1: the result of the compilation of the different translation units (roughly, preprocessed source files)

  • +1 good answer. The term to search for wrt the first point is "name mangling" btw Aug 25, 2012 at 15:52
  • 1
    @MarcovandeVoort: not really. For example, there is no manging in C, and yet there is still a linker. Duplicate symbols are generally weak symbols, like functions marked inline, instances of template functions, instances of template static symbols etc... Those get generated for every translation unit, but only one should be thrown into the final library and it is the linker job. Aug 25, 2012 at 16:14
  • 1
    linking is only relatively simple when you ignore all the complicated parts of it (which, of course, is a tautology). If you wanted to know what complicates the real linker, you could start here: airs.com/blog/archives/38 Aug 25, 2012 at 23:40
  • @Matthieu It depends what you mean... C does have mangling on some platforms (notably Windoze). See Raymond Chen. Aug 26, 2012 at 0:02
  • 1
    @MarcovandeVoort: It's relevant in forming the names of the symbols, but whether you mangle or not is independent from whether you have duplicate (in different objects) or not. Aug 27, 2012 at 16:07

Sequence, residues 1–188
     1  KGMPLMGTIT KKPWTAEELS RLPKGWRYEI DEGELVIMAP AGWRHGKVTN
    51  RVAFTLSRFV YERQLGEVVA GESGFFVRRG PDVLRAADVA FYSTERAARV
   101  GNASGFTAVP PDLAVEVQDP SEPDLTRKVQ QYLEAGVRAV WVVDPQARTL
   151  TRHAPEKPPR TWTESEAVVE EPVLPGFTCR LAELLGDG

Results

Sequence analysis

Besides the already mentioned "Linkers and Loaders", if you wanted to know how a real and modern linker works, you could start here.

  • 2
    Thanks for the blog link, really interesting serie indeed. Normally answers containing only links are frown upon though (what if the blog suddenly shut downs ?) so I would encourage you to complete this answer. For example providing an overview of the serie (link + summary of each part) ? Aug 26, 2012 at 10:51
  • 4
    I've always thought this rule of SO is stupid, it's a waste of time to try and summarise an entire series of posts by a leading expert on linkers in a brief SO answer. The question is not suitable for SO precisely because the answer cannot be summarised in a few paragraphs and the right way for the OP to get the answer is to read detailed information elsewhere, not a summary here, and anyway what if SO shuts down? Ian has been using airs.com for longer than SO has existed, maybe he'll outlive it too ;) May 30, 2015 at 15:59